Swartland jam fac­tory turns re­jected fruit into profit

A fruit-man­u­fac­tur­ing busi­ness at Piket-Bo-Berg in the Western Cape has cre­ated a mar­ket for re­jected pro­duce by turn­ing it into jam, chut­ney and sim­i­lar prod­ucts. Je­an­dré van der Walt spoke to gen­eral man­ager Liebré Ja­cobs about her com­pany’s achieve­ment

Farmer's Weekly (South Africa) - - Contents - FW

FruitLips is a small fruit­pro­cess­ing fac­tory on the fam­ily-owned farm Achter­vlei at Piket-Bo-Berg in the Swartland. Here a staff of 17 process jams, mar­malades, chut­neys and fruit in syrup, en­tirely by hand, from fruit that has been re­jected for fresh sales and can­not be used for other types of pro­cess­ing.

“Start­ing a busi­ness to cre­ate jobs that would trans­fer skills was al­ways at the back of my mind. How­ever, I didn’t ex­pect it to take off so quickly,” says Liebré Ja­cobs, the force be­hind FruitLips. The com­pany was es­tab­lished five years ago when a neigh­bour­ing farm came up for sale. This had a well-es­tab­lished jam fac­tory on it, but the fa­cil­ity had stopped pro­duc­tion af­ter a few years.

“My fa­ther, who farms plums, re­garded the neigh­bour­ing farm as a good in­vest­ment,” re­calls Ja­cobs. “He bought it fac­tory and all, and asked if I still wanted to start a busi­ness. It was the defin­ing mo­ment for FruitLips, which took off in Novem­ber 2013.”

Ja­cobs ap­proached her mother, Dei­dré Eige­laar, to get in­volved as an in­vestor. To­gether, they ap­proached Elouise Josephs, who has spe­cial­ist knowl­edge of jam mak­ing and had worked in the jam fac­tory pre­vi­ously. “Elouise has years of ex­pe­ri­ence and comes from the area.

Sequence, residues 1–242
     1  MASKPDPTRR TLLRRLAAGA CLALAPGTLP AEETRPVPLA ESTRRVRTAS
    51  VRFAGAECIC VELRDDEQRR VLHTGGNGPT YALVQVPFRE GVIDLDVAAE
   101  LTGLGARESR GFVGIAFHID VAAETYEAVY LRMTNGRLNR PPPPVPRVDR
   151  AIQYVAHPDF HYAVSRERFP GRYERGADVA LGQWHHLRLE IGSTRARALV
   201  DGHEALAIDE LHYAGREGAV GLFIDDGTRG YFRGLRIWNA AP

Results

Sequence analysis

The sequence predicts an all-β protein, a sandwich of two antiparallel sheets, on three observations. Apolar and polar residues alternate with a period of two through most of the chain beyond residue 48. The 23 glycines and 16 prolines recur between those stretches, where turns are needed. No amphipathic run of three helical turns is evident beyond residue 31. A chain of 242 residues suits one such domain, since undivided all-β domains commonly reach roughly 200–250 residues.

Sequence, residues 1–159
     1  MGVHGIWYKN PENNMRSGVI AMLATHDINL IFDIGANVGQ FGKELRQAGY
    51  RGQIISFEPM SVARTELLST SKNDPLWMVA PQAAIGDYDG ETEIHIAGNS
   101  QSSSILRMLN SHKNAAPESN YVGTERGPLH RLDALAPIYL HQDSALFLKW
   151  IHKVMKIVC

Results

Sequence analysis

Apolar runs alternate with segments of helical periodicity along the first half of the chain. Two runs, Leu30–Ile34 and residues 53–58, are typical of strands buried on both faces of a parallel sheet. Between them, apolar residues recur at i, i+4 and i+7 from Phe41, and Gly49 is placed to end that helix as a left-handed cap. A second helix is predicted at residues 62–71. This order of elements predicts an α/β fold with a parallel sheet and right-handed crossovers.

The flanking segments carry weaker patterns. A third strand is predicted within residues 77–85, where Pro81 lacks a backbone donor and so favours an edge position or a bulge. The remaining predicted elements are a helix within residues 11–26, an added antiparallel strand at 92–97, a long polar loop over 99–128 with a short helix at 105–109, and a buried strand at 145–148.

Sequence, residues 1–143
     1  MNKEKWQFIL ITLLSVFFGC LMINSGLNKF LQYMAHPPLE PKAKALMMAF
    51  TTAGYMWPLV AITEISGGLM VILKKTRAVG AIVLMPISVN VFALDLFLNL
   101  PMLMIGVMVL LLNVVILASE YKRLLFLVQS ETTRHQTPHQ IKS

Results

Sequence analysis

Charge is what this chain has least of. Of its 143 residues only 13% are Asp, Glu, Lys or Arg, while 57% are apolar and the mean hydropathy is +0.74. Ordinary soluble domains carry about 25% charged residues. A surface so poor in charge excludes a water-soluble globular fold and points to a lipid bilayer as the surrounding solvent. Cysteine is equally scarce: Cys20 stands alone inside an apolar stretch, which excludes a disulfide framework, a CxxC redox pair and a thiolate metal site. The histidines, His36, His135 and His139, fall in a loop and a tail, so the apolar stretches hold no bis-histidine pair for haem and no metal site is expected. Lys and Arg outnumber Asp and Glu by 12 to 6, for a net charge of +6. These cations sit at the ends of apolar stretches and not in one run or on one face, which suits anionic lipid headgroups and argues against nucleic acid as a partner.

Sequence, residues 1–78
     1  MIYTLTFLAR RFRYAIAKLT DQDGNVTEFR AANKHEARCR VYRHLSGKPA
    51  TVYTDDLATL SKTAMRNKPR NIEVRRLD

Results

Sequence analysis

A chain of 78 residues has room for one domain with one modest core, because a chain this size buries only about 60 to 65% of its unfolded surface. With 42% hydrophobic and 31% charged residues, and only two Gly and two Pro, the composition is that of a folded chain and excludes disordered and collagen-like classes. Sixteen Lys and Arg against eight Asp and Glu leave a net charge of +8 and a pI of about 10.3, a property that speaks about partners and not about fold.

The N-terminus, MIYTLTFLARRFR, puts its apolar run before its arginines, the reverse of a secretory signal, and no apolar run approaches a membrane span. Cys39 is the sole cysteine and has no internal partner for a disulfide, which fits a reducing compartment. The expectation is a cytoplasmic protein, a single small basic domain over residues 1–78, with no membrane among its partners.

It was an ob­vi­ous choice to in­volve her,” ex­plains Ja­cobs.


Ac­cord­ing to Ja­cobs, FruitLips was started as a di­rect re­sult of its own­ers’ con­cerns about food waste, es­pe­cially the waste of fruit and veg­eta­bles that can­not be sent to a juic­ing fa­cil­ity, and the un­em­ploy­ment of lo­cal res­i­dents.

“Prior to the es­tab­lish­ment of FruitLips, 20% of Achter­vlei’s plum crop was un­mar­ketable due to the size of the fruit, or other im­pair­ments,” says Ja­cobs.

Ini­tially, the com­pany used the farm’s se­cond-rate plums to make var­i­ous jams and braai sauces, cre­at­ing a mar­ket for the farm’s re­jects.

As FruitLips ex­panded, it started to in­clude other prod­ucts in its range.

“Cur­rently, we man­u­fac­ture 70 dif­fer­ent prod­ucts and process about 70t a year from a va­ri­ety of fruit, rang­ing from plums, figs and ap­ples to beet­root and pep­pers. We process any­thing,” says Ja­cobs.

The bulk of the pro­duce used in the fac­tory comes from lo­cal farm­ers in the Swartland, with the re­main­der sourced from farms as far away as Ash­ton.

“My pro­duce comes to me for dif­fer­ent rea­sons; it’s ei­ther mis­shapen or can’t be sold due to hail or bird dam­age. I also get a lot of sur­plus of spe­cific fruits be­cause of their short shelf life.”